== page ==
During the Great War a botanist at Cambridge University, Arthur Tansley, had a dream. It was not, as dreams go, a particularly juicy or disturbing one. He was in a South African landscape, an open space abutting scrubland, separated from his friends. A line of "savages" stood by the scrub. They were not a direct threat, but they held spears and shields and formed a barrier that, despite his rifle, Tansley knew he would not be able to overcome. His wife appeared, dressed in white, seemingly oblivious to the shields and spears. Then things got confused. At some point the rifle went off, but Tansley could not, on waking, recall why, or whether anyone was hurt.
What is remarkable about the dream is not its content—Tansley was conflicted between duty to his wife and desire for a forbidden love, with a female student—but its effect. Tansley was fascinated by it and what he thought it said, and that led him to steep himself in Freudian thought. Well known within his profession for his work on the plants of the British countryside, he set about writing an exposition of "The New Psychology" (1920), which became a bestseller. Soon he had moved to Vienna in order to undergo analysis by Freud himself, who saw his new patient as something of a catch. “It might be a gain to win him over to our science at the loss of botany,” Freud wrote to his acolyte Ernest Jones.
Eventually botany won Tansley back, with a coveted professorship at Oxford. But analysis had left its mark on how he saw the world. The Freudian mind was structured by tensions and contradictions, the boundaries between what was normal and abnormal arbitrary and permeable. And that informed his great gift to the science: the notion of the ecosystem.
Like many of England's early Freudians, Tansley was a man of the left. His study of plants in terms of process, development and utility, rather than mere morphology and taxonomy, had a senior colleague accusing him of "botanical Bolshevism". And his beliefs put him in conflict with a powerful school of thought in the emerging science of ecology. American ecologists had developed the idea that plant communities were themselves organisms, and had a natural "climax" state towards which they tended, just as organisms tended to a mature adult form (deviation from which was, in some way, suboptimal). These ideas had fed into the new philosophy of "holism" propounded by Jan Smuts, sometime prime minister of South Africa, whence they returned to the field of ecology with an added imprimatur—Smuts was seen as one of the great men of the day—and a more explicit political dimension. The idea of a natural whole into which people had to fit in an appropriate way appealed to various conservative mindsets, both in Oxford, where Smuts was feted, and in South Africa, where it justified the idea that native people should not be tempted by, or allowed, the industrial development natural to the more evolved races. (One of Smuts's Oxford supporters was J.R.R. Tolkien, also born a South African; the idea of the world having a proper, settled way of being that industrialisation, and lesser species, can but threaten would be a powerful part of "The Lord of the Rings".)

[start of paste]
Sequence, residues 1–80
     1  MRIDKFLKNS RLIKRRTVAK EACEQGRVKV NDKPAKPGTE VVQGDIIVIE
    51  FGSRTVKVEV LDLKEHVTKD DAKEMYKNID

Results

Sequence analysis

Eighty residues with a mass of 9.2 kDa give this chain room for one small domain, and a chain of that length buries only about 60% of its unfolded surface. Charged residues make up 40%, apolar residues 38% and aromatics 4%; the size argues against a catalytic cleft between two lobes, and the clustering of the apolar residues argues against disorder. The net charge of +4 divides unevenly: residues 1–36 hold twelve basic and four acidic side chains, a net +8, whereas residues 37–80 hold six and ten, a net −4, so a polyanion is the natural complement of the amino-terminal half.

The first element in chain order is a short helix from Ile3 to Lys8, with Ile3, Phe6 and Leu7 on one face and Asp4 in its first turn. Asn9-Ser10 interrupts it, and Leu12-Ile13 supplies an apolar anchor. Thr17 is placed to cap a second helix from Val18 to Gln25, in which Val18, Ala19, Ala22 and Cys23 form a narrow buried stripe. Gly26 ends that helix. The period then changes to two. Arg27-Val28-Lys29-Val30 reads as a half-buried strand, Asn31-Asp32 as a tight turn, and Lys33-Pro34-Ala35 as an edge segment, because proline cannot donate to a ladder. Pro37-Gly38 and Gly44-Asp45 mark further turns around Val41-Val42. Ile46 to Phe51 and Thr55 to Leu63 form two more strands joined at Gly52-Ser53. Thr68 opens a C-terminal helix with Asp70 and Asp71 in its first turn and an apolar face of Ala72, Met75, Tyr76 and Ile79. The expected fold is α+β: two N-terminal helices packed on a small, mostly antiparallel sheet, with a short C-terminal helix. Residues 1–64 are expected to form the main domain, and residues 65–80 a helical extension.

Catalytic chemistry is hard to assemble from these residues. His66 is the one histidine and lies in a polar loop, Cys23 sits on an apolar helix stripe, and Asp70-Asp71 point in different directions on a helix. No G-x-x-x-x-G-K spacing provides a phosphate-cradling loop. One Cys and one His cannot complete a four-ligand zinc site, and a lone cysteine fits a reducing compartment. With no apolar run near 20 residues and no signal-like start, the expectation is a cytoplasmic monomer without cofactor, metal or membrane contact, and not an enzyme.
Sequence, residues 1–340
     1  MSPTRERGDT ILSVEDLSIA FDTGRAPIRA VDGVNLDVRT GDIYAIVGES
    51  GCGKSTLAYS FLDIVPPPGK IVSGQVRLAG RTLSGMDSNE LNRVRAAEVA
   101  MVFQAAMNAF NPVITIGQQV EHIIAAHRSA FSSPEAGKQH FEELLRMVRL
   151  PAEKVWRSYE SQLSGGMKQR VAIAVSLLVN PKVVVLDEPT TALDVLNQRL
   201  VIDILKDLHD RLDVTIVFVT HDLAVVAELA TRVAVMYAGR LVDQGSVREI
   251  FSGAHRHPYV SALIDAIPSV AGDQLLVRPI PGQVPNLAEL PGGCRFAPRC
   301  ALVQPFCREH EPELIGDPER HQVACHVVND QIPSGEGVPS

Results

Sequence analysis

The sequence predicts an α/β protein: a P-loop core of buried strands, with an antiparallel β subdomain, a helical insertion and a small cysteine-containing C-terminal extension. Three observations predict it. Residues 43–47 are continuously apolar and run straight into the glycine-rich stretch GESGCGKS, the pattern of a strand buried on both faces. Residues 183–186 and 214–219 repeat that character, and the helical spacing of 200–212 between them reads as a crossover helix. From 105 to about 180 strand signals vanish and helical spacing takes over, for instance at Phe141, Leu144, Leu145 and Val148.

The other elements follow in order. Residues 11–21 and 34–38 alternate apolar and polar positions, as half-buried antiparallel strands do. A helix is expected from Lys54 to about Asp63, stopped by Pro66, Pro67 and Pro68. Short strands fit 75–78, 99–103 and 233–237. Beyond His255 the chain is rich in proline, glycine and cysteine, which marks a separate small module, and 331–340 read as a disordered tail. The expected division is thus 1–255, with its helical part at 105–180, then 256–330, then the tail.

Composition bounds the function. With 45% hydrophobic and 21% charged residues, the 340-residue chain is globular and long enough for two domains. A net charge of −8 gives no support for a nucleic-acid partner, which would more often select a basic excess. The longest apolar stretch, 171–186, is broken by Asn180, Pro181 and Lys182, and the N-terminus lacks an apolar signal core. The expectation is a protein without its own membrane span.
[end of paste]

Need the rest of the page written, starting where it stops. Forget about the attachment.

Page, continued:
Tansley was having none of this; the ecosystem, a term he coined in 1935, was his alternative. Like the human mind, it was dynamic and shaped by circumstances. It was composed not only of plants and animals, but also of their mineral substrates and the energy they used. And unlike the communities of holism, which had a pre-ordained endpoint, ecosystems were the product of the forces and flows that made them up. While there were typical ecosystems, there could also be novel ones; wherever living things came together there had to be an ecosystem of some sort, whether nature had ever envisaged it or not. People powerful enough to reshape, destroy and create ecosystems, whether by design or not, were responsible for a great deal of novelty along these lines. With the ecosystem, Tansley wrote, "human activity finds its proper place in ecology".
The term stuck. The ideas, rather less so. The ecosystem is ecology's unit of analysis, and an approach which takes the flow of energy and nutrients as the essence of what is going on—which looks at the system, not just the components—is often the norm. But there is still a distinctly Smutsian tendency in some academic ecology. The study of human-influenced ecosystems, such as farms and cities—which are the ecosystems that matter most, and are most amenable to better management—all too often comes a poor second to those seen as “natural” and pristine, which pose far fewer problems. And holism is rampant in the environmental movement at large, many of whose adherents are convinced that there is a proper, natural and quite possibly rather hobbity place for people in a world of ordained order, and that they leave it at their peril.
My friend John Whitfield, who writes about ecology, points out that it is not a doctrinaire undertaking, and allows distinct and even opposing viewpoints to rub along quite happily. It is a complex, contingent thing quite capable of living with contradiction. Which is something that, as Tansley might have pointed out, it has in common with the minds that do the studying.